Is it that important to everyone else that they know their names?

    Is this voyeurism at its finest, that people *have* to know the names too?

    The news doesn't "change" with the addition, or omission, of the names.

    In fact, one could make the case that publishing the names is an unwarranted *intrusion* into the grief of the families.

    It may be said that publishing the names allows the population to honour the soldiers "better", but let's be honest here - the population doesn't want to honour them, it's more likely to appropriate the names into its own agenda, one way or the other.

    The media doesn't publish the names of rape victims, neither does it publish the names of juveniles charged with criminal offences. Is this, too, "holding back news" - and if it is, is it justified, and if it is, where's the difference?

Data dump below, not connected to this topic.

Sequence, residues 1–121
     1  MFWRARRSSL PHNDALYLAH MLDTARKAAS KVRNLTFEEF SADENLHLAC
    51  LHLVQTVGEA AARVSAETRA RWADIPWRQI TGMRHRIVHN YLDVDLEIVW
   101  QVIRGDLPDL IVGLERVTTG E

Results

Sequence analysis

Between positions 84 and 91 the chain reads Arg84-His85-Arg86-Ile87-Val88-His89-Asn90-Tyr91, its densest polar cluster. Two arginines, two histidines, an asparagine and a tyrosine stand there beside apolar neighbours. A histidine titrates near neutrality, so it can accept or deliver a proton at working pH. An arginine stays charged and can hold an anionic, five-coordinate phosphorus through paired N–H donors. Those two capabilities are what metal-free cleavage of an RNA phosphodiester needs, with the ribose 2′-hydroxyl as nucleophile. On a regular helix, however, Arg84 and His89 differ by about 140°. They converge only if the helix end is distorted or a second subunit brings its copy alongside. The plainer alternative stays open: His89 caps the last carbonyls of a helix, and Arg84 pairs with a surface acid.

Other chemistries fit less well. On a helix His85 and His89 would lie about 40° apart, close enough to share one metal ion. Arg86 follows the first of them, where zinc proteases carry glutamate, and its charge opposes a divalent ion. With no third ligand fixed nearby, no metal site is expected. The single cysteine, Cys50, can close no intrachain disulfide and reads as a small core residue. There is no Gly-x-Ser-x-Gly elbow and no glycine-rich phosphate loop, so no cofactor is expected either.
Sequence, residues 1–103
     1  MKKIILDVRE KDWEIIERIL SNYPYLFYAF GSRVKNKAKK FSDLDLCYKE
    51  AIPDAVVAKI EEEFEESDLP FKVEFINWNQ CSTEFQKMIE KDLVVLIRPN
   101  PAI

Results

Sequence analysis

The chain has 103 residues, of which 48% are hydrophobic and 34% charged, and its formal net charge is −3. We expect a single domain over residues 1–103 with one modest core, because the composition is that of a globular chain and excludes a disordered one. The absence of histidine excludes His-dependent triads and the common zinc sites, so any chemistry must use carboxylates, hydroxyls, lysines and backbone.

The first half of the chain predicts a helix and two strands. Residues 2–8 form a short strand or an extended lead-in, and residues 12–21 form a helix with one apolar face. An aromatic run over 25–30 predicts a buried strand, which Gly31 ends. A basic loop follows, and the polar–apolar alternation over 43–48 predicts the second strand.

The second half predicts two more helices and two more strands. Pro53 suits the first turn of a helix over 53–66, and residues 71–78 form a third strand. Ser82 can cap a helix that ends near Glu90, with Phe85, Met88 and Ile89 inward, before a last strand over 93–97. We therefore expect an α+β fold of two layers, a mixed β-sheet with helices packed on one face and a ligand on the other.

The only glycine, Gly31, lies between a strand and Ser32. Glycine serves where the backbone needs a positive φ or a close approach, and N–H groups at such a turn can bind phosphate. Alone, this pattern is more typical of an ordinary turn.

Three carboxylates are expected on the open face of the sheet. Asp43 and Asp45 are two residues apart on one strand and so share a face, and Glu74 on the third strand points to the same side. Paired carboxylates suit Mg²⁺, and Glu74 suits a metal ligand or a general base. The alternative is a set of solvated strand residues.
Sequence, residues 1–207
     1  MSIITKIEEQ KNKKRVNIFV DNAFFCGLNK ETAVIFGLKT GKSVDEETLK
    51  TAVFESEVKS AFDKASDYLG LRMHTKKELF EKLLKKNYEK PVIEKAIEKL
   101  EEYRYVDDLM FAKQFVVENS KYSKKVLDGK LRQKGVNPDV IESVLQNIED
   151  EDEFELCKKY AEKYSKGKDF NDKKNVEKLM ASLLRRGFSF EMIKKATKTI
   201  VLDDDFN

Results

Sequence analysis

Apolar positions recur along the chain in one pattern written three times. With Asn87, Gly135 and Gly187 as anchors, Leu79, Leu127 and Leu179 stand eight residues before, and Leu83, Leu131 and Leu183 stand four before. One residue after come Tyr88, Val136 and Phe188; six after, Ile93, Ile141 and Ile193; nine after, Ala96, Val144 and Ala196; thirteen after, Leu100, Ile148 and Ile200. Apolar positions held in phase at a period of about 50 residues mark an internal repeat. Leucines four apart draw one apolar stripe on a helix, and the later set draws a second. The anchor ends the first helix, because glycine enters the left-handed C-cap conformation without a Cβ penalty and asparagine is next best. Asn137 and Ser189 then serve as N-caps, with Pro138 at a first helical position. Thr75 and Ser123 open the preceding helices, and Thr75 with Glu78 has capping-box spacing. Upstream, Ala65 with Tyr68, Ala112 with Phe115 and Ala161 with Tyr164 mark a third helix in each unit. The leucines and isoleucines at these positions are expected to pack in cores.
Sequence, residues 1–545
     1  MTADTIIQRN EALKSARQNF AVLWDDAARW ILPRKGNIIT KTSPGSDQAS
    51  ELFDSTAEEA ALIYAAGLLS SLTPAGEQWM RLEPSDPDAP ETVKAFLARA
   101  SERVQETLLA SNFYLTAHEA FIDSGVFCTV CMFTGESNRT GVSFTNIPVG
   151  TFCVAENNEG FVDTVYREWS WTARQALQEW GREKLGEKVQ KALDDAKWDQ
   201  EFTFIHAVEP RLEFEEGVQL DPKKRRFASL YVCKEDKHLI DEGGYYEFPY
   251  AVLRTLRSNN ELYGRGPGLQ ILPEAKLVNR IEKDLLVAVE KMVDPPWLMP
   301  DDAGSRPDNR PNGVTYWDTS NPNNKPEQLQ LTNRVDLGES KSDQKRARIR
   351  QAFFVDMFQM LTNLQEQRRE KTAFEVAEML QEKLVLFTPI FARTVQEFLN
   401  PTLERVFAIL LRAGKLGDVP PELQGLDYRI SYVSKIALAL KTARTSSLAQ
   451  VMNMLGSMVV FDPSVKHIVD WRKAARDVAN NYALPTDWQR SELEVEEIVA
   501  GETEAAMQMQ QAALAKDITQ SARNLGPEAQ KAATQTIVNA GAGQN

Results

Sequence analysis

Dying doesn't make you, nor your family, a public figure, public property.

  • Comment number 17.

    I hope that Briantist never receives an e-mail, sent in a millisecond, to inform him of the death of a relative or friend.
    The MOD is required to inform next of kin in person.

  • Comment number 18.

    A woman has died in combat - I am personally embarrassed for the UK. First we are fighting wars for the Americans. Cpl Sarah Bryant is a Hero - the press should always ensure that the loved ones of a fallen hero find out before the rest of the world.

    When will Mr Brown put right one of Mr Blair’s mistakes - get us out of this war. I am an ex serving member of the armed forces. They are professional and very efficient troops, but Mr Blair made a mistake - this ladies blood is on his hands. Mr Brown - you can not and will not beat people who are willing to blow them selves up. How many more husbands need to loose wives, how many more children need to loose a dad.

    Sarah - god bless you - I live within 5 miles of your camp - i hope you are never forgotten.

    Give yourself a chance of being re-elected Mr Brown - make a radical decision - pull out!

  • Comment number 19.

    Ummm ... "A woman has died in combat - I am personally embarrassed for the UK."

    You got a problem with women doing the job?

    You think it's embarrassing for one to die doing the job?

  • Comment number 20.